By JASMIN HERNANDEZ, MAR. 2016
McAlpine Miller makes a dazzling US debut at New York gallery Hoerle-Guggenheim with his series of photo-realistic, multi-layered paintings were he pairs supermodels with pop culture iconography. Having worked steadily over the last twenty years, Miller demonstrates a refined, heavily stylized approach which investigates American pop culture - and global culture - beyond just the surface. In the midst of living in a time of immediacy and self-gratification, Miller probes and interrogates the driver behind commercialism and superficiality. A Scottish native, and a graduate of the Glasgow School of Art (1990), the Neo-Pop realist showcases twenty-four, oil-based works in his eponymous exhibit at the Chelsea gallery. Having worked steadily over the last twenty years, Miller demonstrates a refined, heavily stylized approach which investigates American pop culture - and global culture - beyond the just the surface. Upon first glance, the paintings seem to resemble digital collage or photo illustrations, his painting gestures seem to mimic Photoshop layers found in a PSD file. Iridescent, translucent, and visually loaded. But on closer inspection, what appears to be photo illustrations, are in fact stunning oil canvases containing models and classic cartoon motifs seamlessly blending together in subtle hues and complementary shades. Miller has previously described this concept as ‘fading one idea into another’. Although the works serve as ready-made content for the Instagram /Snapchat era, there seem to be deeper societal issues that the artist is tackling. In the midst of living in a time of immediacy and self-gratification Miller probes and interrogates the driver behind commercialism and superficiality.
Miller has cited Warhol as a major influence and source of inspiration, and although their aesthetics differ, there are obvious parallels in their approach to celebrity culture and mass consumerism. One can also draw comparisons to fellow Pop Art legend Mel Ramos, who masterfully combines women and iconic advertising propaganda. But Ramos is more rooted in accentuating the female form, inserting eroticism, and making specific classical art history references, whereas Miller’s focus is on questioning society’s views on beauty, success, fame, and self-worth.
Two delightful works that stand out include: ‘The Right To Remain Silent’ and ‘Best Medicine’, where Miller exercises a strong use of color - an intoxicating mix of Pantone shades of fuchsia, carnation pink, periwinkle blue, and violet - and pairs a European female archetype with the feisty, Hanna-Barbera street character Top Cat. The tongue-in-cheek titles of the works add to the playful nature of the compositions as well. In ‘Save Me From This Feeling’, a Lily Aldridge-esque model poses coquettishly while superimposed imagery consisting of stars and stripes, a Popeye comic book title and other retro cartoon elements interact in a frenzied manner. ’Seeing Is Believing’, is an explosive mix of feminine power, a raven-haired female subject is juxtaposed against cartoon favorite Betty Boop and the comic book heroine Wonder Woman. Miller similarly toys with these concepts in ‘Star Struck’ with the inclusion of Supergirl. ’Land of the Brave’, presents a fascinating mix of ingredients - the US flag, a sexy model resembling Chanel Iman, and the beloved Disney characters Daffy Duck, his nephews Huey, Duey, and Louie, and their wealthy great uncle Scrooge McDuck - could perhaps be translated as an ode to American capitalism and the public’s obsession with materialism.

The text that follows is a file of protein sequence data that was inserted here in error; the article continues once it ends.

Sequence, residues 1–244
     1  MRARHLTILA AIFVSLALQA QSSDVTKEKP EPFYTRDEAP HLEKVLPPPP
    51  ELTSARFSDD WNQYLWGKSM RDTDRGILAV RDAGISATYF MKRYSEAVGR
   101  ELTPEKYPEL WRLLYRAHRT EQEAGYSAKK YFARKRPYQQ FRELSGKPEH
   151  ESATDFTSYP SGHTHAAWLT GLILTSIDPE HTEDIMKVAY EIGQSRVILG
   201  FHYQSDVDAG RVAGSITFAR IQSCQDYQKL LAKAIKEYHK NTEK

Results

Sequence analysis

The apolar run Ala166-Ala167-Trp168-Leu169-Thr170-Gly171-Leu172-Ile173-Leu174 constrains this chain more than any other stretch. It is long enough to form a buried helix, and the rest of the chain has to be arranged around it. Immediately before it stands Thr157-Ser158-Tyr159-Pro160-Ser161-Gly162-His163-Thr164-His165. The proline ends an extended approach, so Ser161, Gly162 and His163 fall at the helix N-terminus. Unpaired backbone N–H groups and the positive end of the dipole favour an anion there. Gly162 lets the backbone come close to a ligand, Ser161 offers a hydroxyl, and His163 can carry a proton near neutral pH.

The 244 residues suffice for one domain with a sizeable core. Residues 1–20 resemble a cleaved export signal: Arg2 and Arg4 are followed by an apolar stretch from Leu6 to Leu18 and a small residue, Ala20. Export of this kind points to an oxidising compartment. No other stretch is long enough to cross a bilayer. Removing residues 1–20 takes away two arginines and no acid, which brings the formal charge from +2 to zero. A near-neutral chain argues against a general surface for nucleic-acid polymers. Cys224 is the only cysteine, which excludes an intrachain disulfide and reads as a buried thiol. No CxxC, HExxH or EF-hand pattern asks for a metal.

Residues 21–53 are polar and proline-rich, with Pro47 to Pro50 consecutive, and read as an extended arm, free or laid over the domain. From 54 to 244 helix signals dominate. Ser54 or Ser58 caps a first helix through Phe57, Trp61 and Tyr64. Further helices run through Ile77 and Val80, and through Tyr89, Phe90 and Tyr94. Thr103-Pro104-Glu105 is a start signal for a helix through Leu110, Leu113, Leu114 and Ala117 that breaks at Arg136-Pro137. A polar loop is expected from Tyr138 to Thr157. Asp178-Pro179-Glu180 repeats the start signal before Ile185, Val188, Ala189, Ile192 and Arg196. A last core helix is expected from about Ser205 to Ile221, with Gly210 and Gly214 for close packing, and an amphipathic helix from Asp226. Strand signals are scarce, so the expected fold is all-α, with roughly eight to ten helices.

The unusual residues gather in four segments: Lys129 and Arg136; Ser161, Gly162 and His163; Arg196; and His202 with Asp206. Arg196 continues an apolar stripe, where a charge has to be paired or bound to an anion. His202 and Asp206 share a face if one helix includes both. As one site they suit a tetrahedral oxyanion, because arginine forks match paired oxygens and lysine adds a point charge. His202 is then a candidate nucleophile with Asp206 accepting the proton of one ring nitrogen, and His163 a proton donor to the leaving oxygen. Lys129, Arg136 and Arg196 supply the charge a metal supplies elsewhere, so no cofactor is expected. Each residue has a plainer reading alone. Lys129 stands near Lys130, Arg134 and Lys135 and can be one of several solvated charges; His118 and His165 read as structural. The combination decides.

Miller displays a nostalgic, heartfelt love for Americana and it’s finest - including celebrated film and music icons Marilyn Monroe, Frank Sinatra, Judy Garland, Elvis Presley and even Miley Cyrus - yet equally infuses British history and culture too, like the revered Winston Churchill, venerable filmmaker Alfred Hitchcock, fashion icon Kate Moss, English folk hero Robin Hood and the classic Union Jack flag. Incorporating these personalities illustrates the cross-cultural impact they hold on both sides of the Atlantic (and globally), and speaks to the amiable relations the US and UK have endured over time.
This marks McAlpine Miller’s first show in New York (US), having previously been included in the recent group show ‘Figurative Abstractions’ at Hoerle-Guggenheim earlier this year. Miller completed a two-year stint as an artist-in-residence at the historic Savoy Hotel in London, where he absorbed the property’s storied past to produce new works. Additionally, Miller was commissioned to participate in a recent tribute exhibition honoring the soccer legend Pelé at the Halcyon Gallery in London. Other high profile commissions include working on Sir Paul McCartney’s tour, and collaborating with commercial mega-brands at top advertising agencies.
McAlpine Miller: Solo Exhibition will be on view from March 9-30 at the Hoerle-Guggenheim Gallery in New York City. WM
Jasmin Hernandez is a native New Yorker with a deep passion for visual culture and a rich background in fashion, editorial and digital media. Ms Hernandez is the founder of Gallery Gurls where she covers the contemporary art world and also regularly freelances for digital outlets. Visit Jasminhernandez.com and gallerygurls.net Instagram and snapchat: @GALLERYGURLSview all articles from this author